An investment story is essentially a marketing story specifically for investors.  It describes who you are as a business, it contains your business plan, your market opportunity, an analysis of business conditions, a list of features and products. It could include presentation decks, a series of meetings with business owners or a set of complicated discussions about business returns and financial details.

Your investors have 1 main concern: how you plan to mitigate risk – and the development of a good investment story often needs to be able to demonstrate your ability to look at risk areas from several angles, and potential failure areas in your strategy.  Some describe Investment Stories as a game of tetris: slotting together oddly-shaped bits and pieces into a recognisable pattern to convince someone to invest in your business plan.  Your story is asking your potential investor to take a risk on your strategy, and place a bet that your idea will work; So, like any gambler, they want to know how to hedge that bet.


Avoid the Marketing Waffle

One of the biggest mistakes that many start-ups or businesses who are ready for growth make, is to confuse a marketing story with an investment story: 2 very different audiences with very different expectations.  One audience may not really care about the detail of the financial figures and potential risk areas, while the other audience may not care about how pretty or impressive something may appear.  When building your investment story, consider your audience carefully – understand what they want to see, what they are betting on, and provide them with the information they need to make an informed, carefully-considered, decision to invest in your business.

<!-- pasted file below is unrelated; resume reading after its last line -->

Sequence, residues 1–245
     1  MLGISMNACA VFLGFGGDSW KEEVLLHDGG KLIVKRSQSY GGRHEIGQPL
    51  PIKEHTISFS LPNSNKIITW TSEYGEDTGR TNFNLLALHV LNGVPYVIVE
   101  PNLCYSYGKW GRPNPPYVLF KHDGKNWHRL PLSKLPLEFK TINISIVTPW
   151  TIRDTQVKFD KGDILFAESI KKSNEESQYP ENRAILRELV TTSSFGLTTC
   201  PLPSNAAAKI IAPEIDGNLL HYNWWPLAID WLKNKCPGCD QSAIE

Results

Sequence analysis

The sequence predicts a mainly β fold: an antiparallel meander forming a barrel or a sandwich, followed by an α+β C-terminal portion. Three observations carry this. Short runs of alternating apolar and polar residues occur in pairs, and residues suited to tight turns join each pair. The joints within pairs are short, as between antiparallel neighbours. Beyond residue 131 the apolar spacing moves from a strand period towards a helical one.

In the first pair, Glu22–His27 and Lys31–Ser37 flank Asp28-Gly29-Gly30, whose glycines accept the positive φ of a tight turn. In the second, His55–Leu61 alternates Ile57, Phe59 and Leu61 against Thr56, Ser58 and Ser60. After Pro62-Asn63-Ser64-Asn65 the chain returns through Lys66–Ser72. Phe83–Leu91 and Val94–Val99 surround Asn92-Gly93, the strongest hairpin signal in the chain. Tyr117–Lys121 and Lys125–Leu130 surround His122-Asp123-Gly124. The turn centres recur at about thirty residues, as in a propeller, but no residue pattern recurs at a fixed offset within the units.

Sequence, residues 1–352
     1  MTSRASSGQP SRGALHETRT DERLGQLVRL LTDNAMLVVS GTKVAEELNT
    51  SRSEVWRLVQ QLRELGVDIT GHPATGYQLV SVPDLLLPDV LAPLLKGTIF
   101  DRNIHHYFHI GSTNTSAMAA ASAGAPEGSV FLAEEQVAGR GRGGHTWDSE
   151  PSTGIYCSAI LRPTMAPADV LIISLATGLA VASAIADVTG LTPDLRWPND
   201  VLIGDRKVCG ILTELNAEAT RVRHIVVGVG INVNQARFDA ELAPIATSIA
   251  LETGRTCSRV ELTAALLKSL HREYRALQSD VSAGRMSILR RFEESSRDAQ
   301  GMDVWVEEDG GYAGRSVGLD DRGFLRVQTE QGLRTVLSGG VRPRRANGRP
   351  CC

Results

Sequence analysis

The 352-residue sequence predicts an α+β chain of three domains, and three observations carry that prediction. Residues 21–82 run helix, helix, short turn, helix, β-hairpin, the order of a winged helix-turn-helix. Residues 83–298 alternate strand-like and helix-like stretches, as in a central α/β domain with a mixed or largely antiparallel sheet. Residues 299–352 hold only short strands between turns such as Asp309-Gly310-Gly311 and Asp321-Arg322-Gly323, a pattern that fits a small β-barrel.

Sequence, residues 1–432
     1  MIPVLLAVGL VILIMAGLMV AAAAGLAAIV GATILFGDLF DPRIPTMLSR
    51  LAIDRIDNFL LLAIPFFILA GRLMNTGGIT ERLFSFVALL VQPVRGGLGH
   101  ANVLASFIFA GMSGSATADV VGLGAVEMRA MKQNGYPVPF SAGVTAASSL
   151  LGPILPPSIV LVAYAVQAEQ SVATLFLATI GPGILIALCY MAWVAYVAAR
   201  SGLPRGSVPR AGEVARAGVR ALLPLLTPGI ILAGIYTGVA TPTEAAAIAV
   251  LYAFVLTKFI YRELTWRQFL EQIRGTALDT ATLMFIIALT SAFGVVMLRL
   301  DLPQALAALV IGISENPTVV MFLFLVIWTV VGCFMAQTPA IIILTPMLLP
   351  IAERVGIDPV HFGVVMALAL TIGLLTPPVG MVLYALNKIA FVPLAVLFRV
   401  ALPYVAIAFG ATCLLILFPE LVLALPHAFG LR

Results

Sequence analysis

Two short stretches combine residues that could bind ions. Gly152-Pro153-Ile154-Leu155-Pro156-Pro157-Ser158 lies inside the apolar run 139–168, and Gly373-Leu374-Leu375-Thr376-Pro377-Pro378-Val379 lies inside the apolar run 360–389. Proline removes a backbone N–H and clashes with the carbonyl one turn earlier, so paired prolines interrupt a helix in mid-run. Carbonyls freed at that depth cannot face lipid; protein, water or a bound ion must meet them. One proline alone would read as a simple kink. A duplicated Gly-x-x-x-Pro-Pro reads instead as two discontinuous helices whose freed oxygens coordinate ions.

Keep it Focussed

Despite what the world’s economy may tell you through shrinking GDP figures, or threats of recession – if your business is making money, and has a plan to keep making money, there will almost certainly be room for investment.  Your investment story, and your business plan, should be focussed on being able to demonstrate that.  Create a compelling proposition that demonstrates realistic room for growth that leaves no room for investment guessing.  Include accurate figures, realistic timetables, and demonstrate that you’ve thought ahead and focussed on what is important to them.


Keep it Simple

Remember that potential investors are highly experienced business people, but they may not be experts in your field – which is why you want to try and avoid jargon-based descriptions that alienate rather than inform. Keep your descriptions simple while at the same time, demonstrating your expertise in your field.


If you’re ready to take your business forwards, and if you’re looking for investment help and business support – then speak to us today. With many years’ experience in helping businesses grow, we’re the team you need to get you to where you want to be.